What Is An ECCN?

Exporters, do you know how to determine your ECCN? While it is true that the majority of exports can be designated EAR 99 and NLR (No License Required), it is important to first check for an ECCN. Here is some info from the BIS (Bureau of Industry and Security) website.

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Export Control Classification Number (ECCN)

A key in determining whether an export license is needed from the Department of Commerce is finding out if the item you intend to export has a specific Export Control Classification Number (ECCN). ECCNs are five character alpha-numeric designations used on the Commerce Control List (CCL) to identify dual-use items for export control purposes.  An ECCN categorizes items based on the nature of the product, i.e. type of commodity, software, or technology and its respective technical parameters.

An ECCN is different from a Schedule B number, which is used by the Bureau of Census to collect trade statistics. It is also different from the Harmonized Tariff System Nomenclature, which is used to determine import duties.

Consolidated Screening Tool

Here is a good tool for simplifying export compliance. The Consolidated Screening Tool can be found on the BIS (Bureau of Industry and Security) website  under the Export Management and Compliance tab. This tool allows exporters to screen 11 lists in one search including: Denied Persons List (DPL), Unverified List (UVL), and Entity List (EL) as well as all other lists needed for screening.

contact mitch@adhoclogistics for help with export compliance

Have you used the new consolidated screening tool?
Screen eleven lists in one search


Comments on CTL Post

  • Laurie Denham CTL, CAE

    Thank you Mitch, yes, all active CTL holders will keep their designation and it will continue to be recognized by our new organization APICS.. As a professional development organization, we encourage you to seek the CLTD when it is released next June so you can be current in your knowledge base. I hope to see you at APICS 2016 in Washington, DC.. September 28-30, 2016!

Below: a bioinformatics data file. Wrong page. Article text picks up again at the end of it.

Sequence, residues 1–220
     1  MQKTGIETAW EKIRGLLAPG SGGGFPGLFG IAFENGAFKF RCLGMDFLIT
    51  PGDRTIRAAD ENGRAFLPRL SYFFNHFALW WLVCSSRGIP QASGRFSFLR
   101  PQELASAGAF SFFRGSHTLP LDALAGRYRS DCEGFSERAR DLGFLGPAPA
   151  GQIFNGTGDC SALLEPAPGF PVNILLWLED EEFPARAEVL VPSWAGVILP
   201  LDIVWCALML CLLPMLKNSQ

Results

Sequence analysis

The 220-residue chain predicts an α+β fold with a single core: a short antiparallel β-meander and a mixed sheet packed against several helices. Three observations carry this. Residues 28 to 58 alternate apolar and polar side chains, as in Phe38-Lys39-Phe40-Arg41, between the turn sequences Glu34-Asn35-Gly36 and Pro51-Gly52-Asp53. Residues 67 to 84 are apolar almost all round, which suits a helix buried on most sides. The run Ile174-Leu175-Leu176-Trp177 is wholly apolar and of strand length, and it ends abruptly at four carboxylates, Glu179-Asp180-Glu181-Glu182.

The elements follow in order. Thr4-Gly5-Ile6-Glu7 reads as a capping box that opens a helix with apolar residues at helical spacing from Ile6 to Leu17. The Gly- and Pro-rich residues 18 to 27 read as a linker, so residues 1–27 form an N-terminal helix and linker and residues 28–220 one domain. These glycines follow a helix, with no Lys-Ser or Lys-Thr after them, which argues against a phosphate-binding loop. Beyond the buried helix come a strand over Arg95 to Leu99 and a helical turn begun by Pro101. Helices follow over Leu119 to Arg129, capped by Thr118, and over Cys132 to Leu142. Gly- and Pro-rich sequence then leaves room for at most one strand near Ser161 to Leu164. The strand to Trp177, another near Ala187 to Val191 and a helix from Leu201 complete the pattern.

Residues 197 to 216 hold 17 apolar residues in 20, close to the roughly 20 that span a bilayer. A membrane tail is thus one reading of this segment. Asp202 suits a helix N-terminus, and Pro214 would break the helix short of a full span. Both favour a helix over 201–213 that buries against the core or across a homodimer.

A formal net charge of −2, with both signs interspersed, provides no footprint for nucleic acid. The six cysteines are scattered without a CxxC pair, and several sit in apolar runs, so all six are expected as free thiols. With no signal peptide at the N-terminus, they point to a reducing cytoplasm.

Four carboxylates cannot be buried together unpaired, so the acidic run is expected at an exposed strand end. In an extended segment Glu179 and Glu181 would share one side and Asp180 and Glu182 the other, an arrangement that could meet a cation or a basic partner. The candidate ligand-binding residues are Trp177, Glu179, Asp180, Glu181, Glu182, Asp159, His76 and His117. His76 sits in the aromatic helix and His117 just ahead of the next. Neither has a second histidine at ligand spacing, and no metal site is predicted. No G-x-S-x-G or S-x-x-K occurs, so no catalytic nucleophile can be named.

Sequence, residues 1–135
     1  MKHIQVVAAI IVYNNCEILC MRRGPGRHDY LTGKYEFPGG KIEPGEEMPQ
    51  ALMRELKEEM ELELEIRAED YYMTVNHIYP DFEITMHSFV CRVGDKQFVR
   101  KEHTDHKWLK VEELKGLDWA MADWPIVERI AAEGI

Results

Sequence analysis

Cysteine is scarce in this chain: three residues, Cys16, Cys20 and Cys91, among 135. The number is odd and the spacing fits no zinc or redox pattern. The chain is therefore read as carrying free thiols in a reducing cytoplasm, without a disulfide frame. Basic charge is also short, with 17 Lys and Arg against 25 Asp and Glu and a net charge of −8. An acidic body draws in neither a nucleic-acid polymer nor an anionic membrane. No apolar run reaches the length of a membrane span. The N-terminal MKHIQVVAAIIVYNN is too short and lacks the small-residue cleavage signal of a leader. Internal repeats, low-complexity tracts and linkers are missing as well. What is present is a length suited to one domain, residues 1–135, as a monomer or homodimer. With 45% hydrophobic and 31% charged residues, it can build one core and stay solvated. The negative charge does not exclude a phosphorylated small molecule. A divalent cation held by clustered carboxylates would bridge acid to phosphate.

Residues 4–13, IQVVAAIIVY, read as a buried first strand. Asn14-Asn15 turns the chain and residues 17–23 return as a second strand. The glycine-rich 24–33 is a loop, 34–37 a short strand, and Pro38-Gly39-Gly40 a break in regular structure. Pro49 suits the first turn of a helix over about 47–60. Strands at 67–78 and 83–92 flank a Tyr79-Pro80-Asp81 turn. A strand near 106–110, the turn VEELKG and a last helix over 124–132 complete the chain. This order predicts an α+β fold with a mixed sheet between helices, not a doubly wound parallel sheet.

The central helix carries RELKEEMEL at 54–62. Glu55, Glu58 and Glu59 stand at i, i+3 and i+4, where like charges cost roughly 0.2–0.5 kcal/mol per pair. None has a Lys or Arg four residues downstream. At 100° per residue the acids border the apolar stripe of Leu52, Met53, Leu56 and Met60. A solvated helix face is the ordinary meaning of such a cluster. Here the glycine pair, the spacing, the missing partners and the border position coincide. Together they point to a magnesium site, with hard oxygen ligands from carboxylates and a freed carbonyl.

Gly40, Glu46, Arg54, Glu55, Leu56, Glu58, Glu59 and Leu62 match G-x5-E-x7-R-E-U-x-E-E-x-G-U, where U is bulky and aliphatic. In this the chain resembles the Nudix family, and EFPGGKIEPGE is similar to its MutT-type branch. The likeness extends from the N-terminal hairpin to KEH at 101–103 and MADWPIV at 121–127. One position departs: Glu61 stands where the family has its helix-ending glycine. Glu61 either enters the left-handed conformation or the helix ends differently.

• Mitch Kostoulakos CTL,LCB

    Hi Laurie, thanks for your response. While the CTL will be recognized it does seem to me that it will lose value. Those of us who have earned the CTL have passed 5 or 6 tests and may have also completed a creative component. This is a far greater commitment than the 1 test for the new CLTD. I believe that APICS should recognize this difference and award the CLTD to all CTL holders instead of asking us to prove our professionalism again. I think other CTL holders will agree. Regards.

APICS discontinuing CTL program

When AST&L (American Society of Transportation and Logistics) announced their merger with APICS earlier this year I posted the question, “What About My CTL?”.  Here is some info from the APICS website announcing the end of the CTL process and leading to more questions. I would like to hear from other AST&L members especially since I just completed the re-certification process.  Here is what I would like to know:

APICS says prior earned certifications will remain valid. Valid for what exactly?

Will CTL holders be grandfathered in the new APICS logistics certification? I certainly hope so.


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The Certified in Transportation and Logistics (CTL) certification program will be discontinued at the end of this year. All candidates who are in the process of earning the CTL designation will be required to complete the program before December 18, 2015.And, all current and new CTL certifications earned prior to January 1, 2016 will remain valid.APICS is currently in the process of creating a new logistics, transportation and distribution certification program that will be launched in 2016. The designation will have new eligibility and maintenance requirements, courseware and a single exam.Under the current CTL certification individuals who successfully complete six of the following exam modules prior to December 18, 2015 will be granted the certification. All current and new CTL certifications earned in 2015 will remain valid.